Goldwag confirmed as new OLC chair and promises to manage any conflict caused by ABS investments

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24 March 2017


Goldwag: fully meets the criteria for the role

MPs have approved the appointment of Wanda Goldwag as the new chair of the Office for Legal Complaints (OLC) – the body that oversees the Legal Ombudsman – as it also emerged that she has small shareholdings in two major alternative business structures (ABSs).

Issuing its report following a pre-appointment scrutiny hearing earlier this week, the justice select committee said: “We consider that Wanda Goldwag fully meets the criteria necessary to fulfil the role of chair of the Office for Legal Complaints effectively, and we endorse her suitability for it.”

She will be paid £52,500 for a minimum commitment of 60 days a year.

As Legal Futures reported when she was named as the Legal Services Board’s preferred candidate, Ms Goldwag has been an adviser to private equity firm Smedvig Capital since 2000.

Smedvig is invested in both MyHome Move – which owns Premier Property Lawyers, the first ABS to be licensed in England and Wales – and Kings Court Trust, a leading probate provider that entered regulation as an ABS licensed by the Council for Licensed Conveyacers.

She has declared holding a “very small” stake – less than £10,000 – in each of them, and in a letter to the committee said she would “of course ensure that any risk of conflict of interest is properly mitigated”.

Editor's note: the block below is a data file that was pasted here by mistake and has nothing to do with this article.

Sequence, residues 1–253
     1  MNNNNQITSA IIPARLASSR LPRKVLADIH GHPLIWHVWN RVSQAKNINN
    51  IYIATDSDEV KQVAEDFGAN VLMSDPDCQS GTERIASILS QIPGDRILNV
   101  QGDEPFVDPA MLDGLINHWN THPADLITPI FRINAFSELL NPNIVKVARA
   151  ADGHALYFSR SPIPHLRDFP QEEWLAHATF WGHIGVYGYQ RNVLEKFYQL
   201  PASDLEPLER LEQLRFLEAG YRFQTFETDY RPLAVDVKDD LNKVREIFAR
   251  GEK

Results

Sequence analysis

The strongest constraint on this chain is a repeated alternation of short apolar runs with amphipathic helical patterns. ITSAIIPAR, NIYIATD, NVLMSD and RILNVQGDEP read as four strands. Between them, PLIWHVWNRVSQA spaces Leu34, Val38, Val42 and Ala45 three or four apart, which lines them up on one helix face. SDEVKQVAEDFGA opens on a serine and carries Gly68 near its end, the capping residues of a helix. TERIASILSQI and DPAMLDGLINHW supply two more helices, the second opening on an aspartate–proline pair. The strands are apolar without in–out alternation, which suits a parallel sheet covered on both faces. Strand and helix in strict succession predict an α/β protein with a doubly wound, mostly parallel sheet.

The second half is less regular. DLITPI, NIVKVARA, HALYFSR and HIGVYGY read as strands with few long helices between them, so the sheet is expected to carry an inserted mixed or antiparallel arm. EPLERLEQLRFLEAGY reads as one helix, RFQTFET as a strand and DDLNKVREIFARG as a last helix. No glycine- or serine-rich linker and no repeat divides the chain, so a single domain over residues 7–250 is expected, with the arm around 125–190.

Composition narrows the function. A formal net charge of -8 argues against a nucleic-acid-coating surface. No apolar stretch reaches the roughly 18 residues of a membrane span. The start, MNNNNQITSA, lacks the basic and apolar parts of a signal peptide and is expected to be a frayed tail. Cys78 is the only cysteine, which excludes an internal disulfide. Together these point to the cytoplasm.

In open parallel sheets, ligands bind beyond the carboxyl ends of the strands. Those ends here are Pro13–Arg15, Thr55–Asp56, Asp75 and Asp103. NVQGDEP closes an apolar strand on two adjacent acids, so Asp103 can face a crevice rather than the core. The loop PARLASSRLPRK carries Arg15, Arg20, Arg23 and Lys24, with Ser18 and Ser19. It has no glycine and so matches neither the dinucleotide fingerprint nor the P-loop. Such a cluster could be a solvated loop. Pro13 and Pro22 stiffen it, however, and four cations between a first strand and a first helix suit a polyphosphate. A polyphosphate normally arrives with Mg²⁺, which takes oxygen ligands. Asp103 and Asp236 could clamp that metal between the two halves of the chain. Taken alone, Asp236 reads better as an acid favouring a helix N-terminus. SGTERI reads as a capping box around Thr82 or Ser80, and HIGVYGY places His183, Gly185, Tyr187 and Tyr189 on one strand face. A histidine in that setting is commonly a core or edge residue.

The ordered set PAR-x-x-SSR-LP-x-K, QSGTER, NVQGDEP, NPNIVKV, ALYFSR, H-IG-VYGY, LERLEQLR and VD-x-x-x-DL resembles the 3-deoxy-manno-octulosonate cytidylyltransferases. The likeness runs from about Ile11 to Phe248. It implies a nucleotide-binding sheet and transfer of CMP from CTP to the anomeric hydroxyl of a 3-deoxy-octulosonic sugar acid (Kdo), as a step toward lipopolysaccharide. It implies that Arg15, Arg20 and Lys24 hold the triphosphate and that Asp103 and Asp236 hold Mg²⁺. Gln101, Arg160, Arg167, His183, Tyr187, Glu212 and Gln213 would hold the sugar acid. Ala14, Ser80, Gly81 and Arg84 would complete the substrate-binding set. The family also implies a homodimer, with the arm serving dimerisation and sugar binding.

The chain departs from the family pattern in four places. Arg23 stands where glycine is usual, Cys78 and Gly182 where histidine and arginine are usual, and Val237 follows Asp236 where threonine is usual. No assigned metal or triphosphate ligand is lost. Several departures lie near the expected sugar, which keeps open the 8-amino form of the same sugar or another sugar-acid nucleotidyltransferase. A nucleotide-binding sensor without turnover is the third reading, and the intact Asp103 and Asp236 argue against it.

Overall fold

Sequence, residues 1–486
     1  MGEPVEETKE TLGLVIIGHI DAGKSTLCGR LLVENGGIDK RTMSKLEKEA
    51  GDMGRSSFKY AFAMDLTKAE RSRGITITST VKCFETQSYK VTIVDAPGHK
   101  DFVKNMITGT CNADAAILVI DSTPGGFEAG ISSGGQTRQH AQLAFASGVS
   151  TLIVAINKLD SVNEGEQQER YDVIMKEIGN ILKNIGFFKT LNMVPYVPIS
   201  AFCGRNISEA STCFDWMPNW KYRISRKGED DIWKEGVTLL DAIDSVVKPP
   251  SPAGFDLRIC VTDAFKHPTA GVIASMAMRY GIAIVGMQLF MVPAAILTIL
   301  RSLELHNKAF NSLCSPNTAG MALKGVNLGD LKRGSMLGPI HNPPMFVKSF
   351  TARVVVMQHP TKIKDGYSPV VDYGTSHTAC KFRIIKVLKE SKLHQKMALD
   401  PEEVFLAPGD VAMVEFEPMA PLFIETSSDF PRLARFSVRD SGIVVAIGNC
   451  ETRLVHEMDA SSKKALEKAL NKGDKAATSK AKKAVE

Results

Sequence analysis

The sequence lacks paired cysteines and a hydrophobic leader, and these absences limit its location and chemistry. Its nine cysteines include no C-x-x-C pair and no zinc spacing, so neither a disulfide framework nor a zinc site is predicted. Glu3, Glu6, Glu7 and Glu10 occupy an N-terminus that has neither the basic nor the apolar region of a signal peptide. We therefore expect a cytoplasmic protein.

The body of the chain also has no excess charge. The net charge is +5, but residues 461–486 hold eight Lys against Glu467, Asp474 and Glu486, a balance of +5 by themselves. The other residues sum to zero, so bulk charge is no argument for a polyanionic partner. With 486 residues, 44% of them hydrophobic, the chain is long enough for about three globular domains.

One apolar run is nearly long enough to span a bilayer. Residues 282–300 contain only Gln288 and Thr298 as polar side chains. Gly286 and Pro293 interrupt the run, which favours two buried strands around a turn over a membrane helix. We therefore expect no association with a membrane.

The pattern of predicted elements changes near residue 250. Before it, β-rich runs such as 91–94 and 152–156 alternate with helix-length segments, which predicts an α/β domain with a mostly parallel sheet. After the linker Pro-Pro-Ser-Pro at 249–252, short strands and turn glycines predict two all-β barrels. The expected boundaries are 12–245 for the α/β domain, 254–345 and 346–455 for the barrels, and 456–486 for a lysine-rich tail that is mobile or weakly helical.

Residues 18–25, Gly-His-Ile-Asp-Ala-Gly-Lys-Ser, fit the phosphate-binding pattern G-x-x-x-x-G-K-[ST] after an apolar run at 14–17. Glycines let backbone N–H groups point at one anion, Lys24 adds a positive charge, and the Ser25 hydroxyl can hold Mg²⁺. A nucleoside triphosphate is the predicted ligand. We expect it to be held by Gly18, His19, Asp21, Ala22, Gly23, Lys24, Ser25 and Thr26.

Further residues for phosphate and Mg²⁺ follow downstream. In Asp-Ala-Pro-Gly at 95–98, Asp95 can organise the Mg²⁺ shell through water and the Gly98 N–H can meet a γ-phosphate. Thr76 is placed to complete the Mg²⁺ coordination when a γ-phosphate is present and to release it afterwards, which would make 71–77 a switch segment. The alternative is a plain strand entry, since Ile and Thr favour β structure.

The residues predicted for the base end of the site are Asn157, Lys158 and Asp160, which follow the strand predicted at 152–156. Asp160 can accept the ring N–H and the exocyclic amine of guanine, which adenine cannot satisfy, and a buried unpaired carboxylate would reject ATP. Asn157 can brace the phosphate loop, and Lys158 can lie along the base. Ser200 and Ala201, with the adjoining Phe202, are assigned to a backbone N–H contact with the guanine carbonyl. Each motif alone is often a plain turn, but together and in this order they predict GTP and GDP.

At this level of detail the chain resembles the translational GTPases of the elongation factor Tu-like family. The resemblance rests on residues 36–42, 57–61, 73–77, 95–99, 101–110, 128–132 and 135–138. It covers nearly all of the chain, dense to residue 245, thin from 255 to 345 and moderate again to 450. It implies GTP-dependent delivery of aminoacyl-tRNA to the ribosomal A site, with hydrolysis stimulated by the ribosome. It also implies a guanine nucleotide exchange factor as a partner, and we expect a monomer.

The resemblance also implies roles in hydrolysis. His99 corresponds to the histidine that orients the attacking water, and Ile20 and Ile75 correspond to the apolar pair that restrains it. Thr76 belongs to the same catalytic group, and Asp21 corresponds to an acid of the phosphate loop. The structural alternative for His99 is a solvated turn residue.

Her appointment will arguably place extra scrutiny on the way the two ABSs handle complaints.

She is also chair and independent standards commissioner of the Senet Group, the body set up to self-regulate the gambling industry, founder and non-executive chair of HR business True North Human Capital, and a lay member of the QC appointments panel.

Her role as a Civil Service Commissioner comes to an end next week, and the committee asked Ms Goldwag whether she would continue with the other four positions if confirmed as chair of the OLC.

It reported: “She said that they were non-executive roles which were not full-time, and did not indicate that she saw any need to relinquish or reduce her commitment to any of them.”

The report revealed that 16 people applied for the role, and Ms Goldwag was the appointment panel’s unanimous choice, saying she was “well above the appointable standard”.

The panel said: “The preferred candidate gave a strong and impressive performance, getting straight to the point of answers and demonstrating an intuitive understanding of the challenges facing the OLC.

“Her performance was enhanced by the breadth of experience she was able to draw upon to illustrate her answers, with an emphasis on innovation.”



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